AgTech Investment is Booming

Smart Farming is No Longer a Thing of the Future

Drone analysing corn crop (internetofbusiness.com)

Smart farming has already becoming a reality. Farms and corporations collect vast amount of information regarding crop yields, soil-mapping, weather data, fertiliser use, machinery, and animal health. Monitored data includes animal body temperature, animal activity, tissues resistivity, and GPS location. Agriculture sector aims to optimise processes, use of resources, and efficient use of remaining arable land. This can be made possible by implementing high level Internet of Things (IoT) applications. Intelligent farming can increase production and agriculture quality levels.

Precision agriculture is now the norm in the majority of professionally managed farming operations in the United States and is rapidly gaining traction even in remote corners of the globe. Installing sensors in the fields can provide invaluable data about the soil and the plants. This data can be later used to prevent diseases. Real information about harvesting, planting, and yields can help farms to predict property value giving unparalleled insight into commodities market.

Savvy analysts gathering big data are seeking a range of opportunities to improve food systems and reduce waste. Resource productivity savings have estimated worth of $340 billion per year. It’s a massive sector with growing business opportunities. Depending on the channel, successful systems can be put in place either at the farm or the supply-chain infrastructure level to increase productivity, reduce waste, and improve ecology.

Investor demand

The investment community has been searching for unique allocations to gain exposure to real assets, and in particular agriculture, to diversify their increasingly correlated portfolios, says Rockbolt, a London-based alternatives expert. Stretched valuations of most stocks and bonds have propelled a shift into alternative assets as institutional investors search for yields in a world where yield is scarce. Concurrently, many investors are looking for ways to insulate their portfolios from the inevitable increased levels of inflation. Accordingly, agriculture has attracted greater investor demand as institutions seek to diversify their portfolios from what can best be described as a nervous and toppy market. Whilst agriculture, and particularly Ag-Tech, isn’t necessarily insulated from a scenario in which bond and stock markets are falling, interest in the sector remains strong due to a number of key attributes which this sector provides investors, including:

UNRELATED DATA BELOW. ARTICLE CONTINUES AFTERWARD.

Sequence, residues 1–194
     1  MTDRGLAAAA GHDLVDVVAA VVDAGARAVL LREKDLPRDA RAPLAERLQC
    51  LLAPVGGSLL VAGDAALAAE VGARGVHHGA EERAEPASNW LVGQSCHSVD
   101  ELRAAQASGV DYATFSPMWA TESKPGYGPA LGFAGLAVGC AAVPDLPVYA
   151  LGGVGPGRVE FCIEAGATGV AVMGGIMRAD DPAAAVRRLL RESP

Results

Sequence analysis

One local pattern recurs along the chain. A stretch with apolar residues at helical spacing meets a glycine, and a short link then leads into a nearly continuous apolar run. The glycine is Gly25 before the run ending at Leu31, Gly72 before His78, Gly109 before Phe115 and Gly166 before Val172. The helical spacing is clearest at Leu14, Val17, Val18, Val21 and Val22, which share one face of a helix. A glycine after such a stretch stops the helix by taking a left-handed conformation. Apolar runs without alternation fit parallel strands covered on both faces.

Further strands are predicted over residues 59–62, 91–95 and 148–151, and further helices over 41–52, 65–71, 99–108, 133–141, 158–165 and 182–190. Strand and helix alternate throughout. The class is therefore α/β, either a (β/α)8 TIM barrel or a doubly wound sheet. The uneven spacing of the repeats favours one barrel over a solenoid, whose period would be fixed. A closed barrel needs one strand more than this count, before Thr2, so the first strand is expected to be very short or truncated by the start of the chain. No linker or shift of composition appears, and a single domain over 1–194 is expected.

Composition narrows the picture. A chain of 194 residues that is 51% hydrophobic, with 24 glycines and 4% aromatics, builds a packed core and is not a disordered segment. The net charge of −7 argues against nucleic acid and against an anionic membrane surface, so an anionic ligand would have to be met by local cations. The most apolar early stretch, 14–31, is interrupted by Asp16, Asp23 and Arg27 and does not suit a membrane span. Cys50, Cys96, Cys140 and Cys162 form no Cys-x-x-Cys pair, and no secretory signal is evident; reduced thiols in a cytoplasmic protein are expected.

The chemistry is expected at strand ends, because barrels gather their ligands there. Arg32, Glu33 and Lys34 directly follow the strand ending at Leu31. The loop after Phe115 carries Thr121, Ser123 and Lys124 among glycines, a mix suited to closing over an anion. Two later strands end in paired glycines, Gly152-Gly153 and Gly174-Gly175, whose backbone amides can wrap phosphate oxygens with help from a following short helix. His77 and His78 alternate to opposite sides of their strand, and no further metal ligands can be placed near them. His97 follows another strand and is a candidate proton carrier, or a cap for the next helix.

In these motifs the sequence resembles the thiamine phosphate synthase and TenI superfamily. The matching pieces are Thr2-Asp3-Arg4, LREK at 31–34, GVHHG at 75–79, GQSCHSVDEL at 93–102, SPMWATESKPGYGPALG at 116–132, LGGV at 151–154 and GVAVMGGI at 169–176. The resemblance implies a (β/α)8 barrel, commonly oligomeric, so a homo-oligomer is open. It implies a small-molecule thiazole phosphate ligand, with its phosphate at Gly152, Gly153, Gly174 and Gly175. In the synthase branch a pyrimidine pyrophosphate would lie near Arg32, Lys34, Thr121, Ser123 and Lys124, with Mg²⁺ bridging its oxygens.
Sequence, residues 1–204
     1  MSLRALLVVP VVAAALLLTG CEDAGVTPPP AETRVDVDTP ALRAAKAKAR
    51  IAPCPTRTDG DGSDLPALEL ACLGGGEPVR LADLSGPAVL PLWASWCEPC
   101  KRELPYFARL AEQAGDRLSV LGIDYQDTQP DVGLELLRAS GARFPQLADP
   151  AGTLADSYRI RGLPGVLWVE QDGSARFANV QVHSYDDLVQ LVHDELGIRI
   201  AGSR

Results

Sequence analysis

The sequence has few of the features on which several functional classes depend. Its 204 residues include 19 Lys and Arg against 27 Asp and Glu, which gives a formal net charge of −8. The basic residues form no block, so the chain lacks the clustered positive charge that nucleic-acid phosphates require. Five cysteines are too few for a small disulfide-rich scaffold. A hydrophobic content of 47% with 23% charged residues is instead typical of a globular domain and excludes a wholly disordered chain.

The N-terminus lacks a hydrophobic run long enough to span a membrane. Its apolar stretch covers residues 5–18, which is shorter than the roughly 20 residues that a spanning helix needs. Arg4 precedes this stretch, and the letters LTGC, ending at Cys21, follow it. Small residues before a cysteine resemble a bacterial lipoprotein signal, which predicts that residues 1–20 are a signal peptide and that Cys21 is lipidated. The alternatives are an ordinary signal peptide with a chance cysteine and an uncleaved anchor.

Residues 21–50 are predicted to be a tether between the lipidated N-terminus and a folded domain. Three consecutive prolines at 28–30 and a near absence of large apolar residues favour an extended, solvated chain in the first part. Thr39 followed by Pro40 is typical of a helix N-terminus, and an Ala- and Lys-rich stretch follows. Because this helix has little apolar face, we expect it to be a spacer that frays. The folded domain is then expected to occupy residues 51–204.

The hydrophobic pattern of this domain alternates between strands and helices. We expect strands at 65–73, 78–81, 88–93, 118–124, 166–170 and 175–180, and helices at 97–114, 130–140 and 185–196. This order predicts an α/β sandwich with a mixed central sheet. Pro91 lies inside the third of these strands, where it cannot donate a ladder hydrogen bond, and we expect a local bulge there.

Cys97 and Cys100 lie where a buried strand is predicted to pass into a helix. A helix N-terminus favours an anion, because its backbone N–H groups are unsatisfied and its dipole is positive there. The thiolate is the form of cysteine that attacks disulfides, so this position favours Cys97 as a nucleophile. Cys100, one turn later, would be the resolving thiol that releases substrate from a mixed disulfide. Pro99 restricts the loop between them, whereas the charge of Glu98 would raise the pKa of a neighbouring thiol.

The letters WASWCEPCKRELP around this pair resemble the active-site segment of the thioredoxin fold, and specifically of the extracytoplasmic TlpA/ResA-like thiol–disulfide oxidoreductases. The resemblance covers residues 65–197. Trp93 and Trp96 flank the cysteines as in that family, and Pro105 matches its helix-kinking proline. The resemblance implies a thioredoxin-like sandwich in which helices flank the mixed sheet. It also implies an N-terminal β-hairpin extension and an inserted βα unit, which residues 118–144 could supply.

Strong long-term fundamentals based on secular trends (climate change, increased urbanization and rising GDP in emerging markets);

Attractive historical returns (based on a mix of current income and capital appreciation);

Uncorrelated returns with many other financial instruments;

A strong inflation hedge; and

Capital preservation

Promote the Strategy and not the Product

One size does not fit all. Fortexis, a boutique focused on structuring ag and real asset investments, explains that avariety of investment structures — whether they be closed-end funds; REITs; exchange-listed funds; SPVs — are deployed to raise capital in the sector. Some large SWF’s and pension funds invest almost exclusively through direct or co-investments; certain family offices and institutions seek club-deals of co-investment structures; many fund managers’ corporate governance allows them to invest solely in offshore funds, and there is a growing number of investors that invest only on a deal-by-deal basis, matching specific opportunities with the right fit and flexibility into an SPV. There simply is not one best structure to facilitate the successful capital raising for these ventures. The most important issue is to identify and determine the investment opportunity(ies) with as much specificity as possible. Large institutions are seeking solutions to particular portfolio requirements, and approaching them with a pre-specified product/structure, therefore, is sometimes akin to putting the cart before the horse.

Author: Ben Funk, is an investor, advisor, and entrepreneur. He is Managing Partner of RockBolt LLP and serves as a Senior Advisor to a select group of investment and agricultural firms, globally. Mr. Funk served as a Partner at Tages Capital and Liongate Capital Management. He has a PhD from London Business School and is a Fellow of the Aspen Institute.